Tens of thousands march in Lithuania to defend marriage, traditional family values
VILNIUS, Lithuania, May 19, 2021 (LifeSiteNews) — In order to protest anti-family legislation, tens of thousands took to the streets of Lithuania to defend traditional family values on May 15.
While Lithuania is a traditionally Catholic country, the current parliament has been pushing the LGBT agenda. Recently, the parliament drafted legislation allowing civil unions for same-sex couples.
According to a 2019 Eurobarometer survey, 70 percent of Lithuanians oppose the legal recognition of same-sex unions. In response to the draft legislation, Lithuanian citizens organized “The Great Family Defense March,” the first largescale protest in many years.
On the morning of May 15, thousands of citizens traveled to the capital city, Vilnius. The car line-up of people driving from country homes to the city was several miles long. They gathered in Vingis Park, many carrying the Lithuanian flag and coat of arms.
A Lithuanian source told LifeSite that the march aimed to stop the legislation process of the Istanbul Convention, “which is advertised as a means of protecting women from violence when in reality it validates the concept of gender [ideology].” They also hoped to stop parliament from legalizing same-sex “marriage.”
“We hope that this march will not be forgotten and that its goals will continue to motivate people to take action,” the source continued. “This could be a great chance for smaller existing conservative parties to grow their influence and fight for the truth.”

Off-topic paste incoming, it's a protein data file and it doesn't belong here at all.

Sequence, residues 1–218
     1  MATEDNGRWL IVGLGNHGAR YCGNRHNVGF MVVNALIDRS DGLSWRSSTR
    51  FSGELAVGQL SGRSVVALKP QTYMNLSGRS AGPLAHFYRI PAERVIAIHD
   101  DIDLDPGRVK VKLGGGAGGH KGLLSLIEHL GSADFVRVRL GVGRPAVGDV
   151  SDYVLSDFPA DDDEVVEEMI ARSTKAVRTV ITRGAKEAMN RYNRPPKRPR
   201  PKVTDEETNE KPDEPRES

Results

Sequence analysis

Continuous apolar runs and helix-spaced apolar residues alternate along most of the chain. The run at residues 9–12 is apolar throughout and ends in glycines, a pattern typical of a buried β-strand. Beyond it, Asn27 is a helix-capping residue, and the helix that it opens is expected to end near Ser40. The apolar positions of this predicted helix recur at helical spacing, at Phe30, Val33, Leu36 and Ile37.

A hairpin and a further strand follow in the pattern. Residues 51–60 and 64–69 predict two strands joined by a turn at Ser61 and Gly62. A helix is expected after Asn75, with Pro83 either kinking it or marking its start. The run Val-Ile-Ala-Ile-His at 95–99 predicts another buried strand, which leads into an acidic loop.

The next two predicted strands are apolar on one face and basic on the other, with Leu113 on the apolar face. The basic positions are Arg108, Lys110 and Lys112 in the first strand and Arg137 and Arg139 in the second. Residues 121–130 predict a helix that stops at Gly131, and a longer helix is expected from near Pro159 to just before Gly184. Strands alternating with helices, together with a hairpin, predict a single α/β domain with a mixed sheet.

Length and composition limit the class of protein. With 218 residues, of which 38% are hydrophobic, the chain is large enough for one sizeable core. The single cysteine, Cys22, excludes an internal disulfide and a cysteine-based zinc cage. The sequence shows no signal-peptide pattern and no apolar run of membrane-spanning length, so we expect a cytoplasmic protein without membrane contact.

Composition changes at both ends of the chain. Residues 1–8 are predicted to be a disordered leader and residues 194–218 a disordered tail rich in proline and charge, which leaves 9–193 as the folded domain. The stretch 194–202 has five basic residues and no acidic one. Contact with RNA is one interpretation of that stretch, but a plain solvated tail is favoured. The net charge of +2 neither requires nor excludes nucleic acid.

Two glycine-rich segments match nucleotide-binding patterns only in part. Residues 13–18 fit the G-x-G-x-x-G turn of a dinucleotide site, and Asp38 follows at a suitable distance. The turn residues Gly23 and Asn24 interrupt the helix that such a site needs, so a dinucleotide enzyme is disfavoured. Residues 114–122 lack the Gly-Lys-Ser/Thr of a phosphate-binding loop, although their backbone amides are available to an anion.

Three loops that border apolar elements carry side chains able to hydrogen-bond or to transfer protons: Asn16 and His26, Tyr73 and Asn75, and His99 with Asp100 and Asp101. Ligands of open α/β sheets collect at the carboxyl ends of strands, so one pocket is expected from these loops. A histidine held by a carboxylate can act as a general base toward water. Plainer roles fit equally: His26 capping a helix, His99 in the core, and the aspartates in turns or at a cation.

The Lithuanian President Gitanas Nausėda spoke to the protesters via video recording.
He promised to do his best to uphold traditional marriage between one man and one woman. “Marriage is constituted by the free consent of a man and a woman,” he stated. “As president, I will use my powers for this to be realized.”
At the march, protesters were blessed by the chaplain of the Lithuanian Armed Forces.
Father Robertas Grigas, who was part of an anti-Soviet resistance group before the fall of the Iron Curtain, told the people, “We are waiting for and demanding that our elected government would represent not the interests of small exotic groups, but the problems that are important to the whole nation.”
The main organizer of the event, Raimondas Grinevičius, asked, “[What] has Lithuania come to that on The International Day of Families, when we should be celebrating, dancing and singing, we must all come here to defend our families from a total, without using strong language, misunderstanding?”